(Reuters) - Canada's government said on Monday that it shut down its website for filing federal taxes after hackers broke into a web server at the nation's statistics bureau last week by exploiting a newly disclosed software bug.
Statistics Canada, which said it stopped the intrusion before hackers stole any data, is the first high-profile organization to say it was hacked due to a new security bug in software known as Apache Struts 2. The software is commonly used in websites of governments, banks, retailers and other large organizations.
Other victims have not yet come forth, although security firms said they expect more attacks to surface after details on the easy-to-exploit vulnerability were posted on security forums and hacking websites last week.
Technicians at big corporations and government agencies around the world spent the weekend combing their networks for vulnerable software and patching it, said Chris Camacho, chief strategy officer with cyber intelligence firm Flashpoint.
He said the vulnerability was actively being exploited by hackers, but declined to provide details, citing client confidentiality.
The impact of the vulnerability surfaced in Canada late Friday when the federal government shut down the tax agency's website to prevent attacks after it identified that it was running vulnerable software.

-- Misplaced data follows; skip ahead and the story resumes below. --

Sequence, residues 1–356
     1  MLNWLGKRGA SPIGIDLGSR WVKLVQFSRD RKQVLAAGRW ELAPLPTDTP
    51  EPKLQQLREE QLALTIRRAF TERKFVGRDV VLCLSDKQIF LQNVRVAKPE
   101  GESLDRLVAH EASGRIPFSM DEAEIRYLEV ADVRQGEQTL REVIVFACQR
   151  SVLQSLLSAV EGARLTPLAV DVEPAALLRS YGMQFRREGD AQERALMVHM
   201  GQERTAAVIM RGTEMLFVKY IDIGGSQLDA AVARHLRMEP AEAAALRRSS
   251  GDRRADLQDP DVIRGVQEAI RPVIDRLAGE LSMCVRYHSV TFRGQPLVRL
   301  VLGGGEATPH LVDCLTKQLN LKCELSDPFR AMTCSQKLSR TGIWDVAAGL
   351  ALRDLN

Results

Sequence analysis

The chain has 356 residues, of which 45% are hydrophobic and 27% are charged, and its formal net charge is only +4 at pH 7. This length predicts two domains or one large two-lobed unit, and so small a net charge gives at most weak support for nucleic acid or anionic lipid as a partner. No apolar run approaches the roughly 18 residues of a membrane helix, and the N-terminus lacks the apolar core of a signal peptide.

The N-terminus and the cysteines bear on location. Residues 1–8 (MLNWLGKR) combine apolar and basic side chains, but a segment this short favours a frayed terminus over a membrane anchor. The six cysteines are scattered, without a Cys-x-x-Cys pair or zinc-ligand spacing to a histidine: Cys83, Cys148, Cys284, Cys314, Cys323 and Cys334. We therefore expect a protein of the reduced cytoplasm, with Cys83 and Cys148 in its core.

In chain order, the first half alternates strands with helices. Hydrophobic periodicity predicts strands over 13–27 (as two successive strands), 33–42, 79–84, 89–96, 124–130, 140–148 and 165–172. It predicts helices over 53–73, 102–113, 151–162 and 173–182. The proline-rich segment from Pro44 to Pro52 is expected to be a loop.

“We went after this one specifically because we recognized there was a specific and credible threat to certain government IT systems,” John Glowacki, a government security official, said at a press conference.
Glowacki said he that he understood some other countries "are actually having greater problems with this specific vulnerability,” but declined to identify the nations or discuss the problems.
The vulnerability surfaced last week when the Apache Software Foundation released an update to fix the bug, saying it could enable hackers to gain remote control of a web server.
That could allow them to steal data, secretly gain access to a victim's network or shut down a website, said Chris Wysopal, chief technology officer with security software maker Veracode.
“This vulnerability is super easy to exploit," Wysopal said. "You just point it to the web server and put in the command that you want to run."
(Reporting by Alastair Sharp, David Ljunggren and Jim Finkle; editing by Grant McCool and Phil Berlowitz)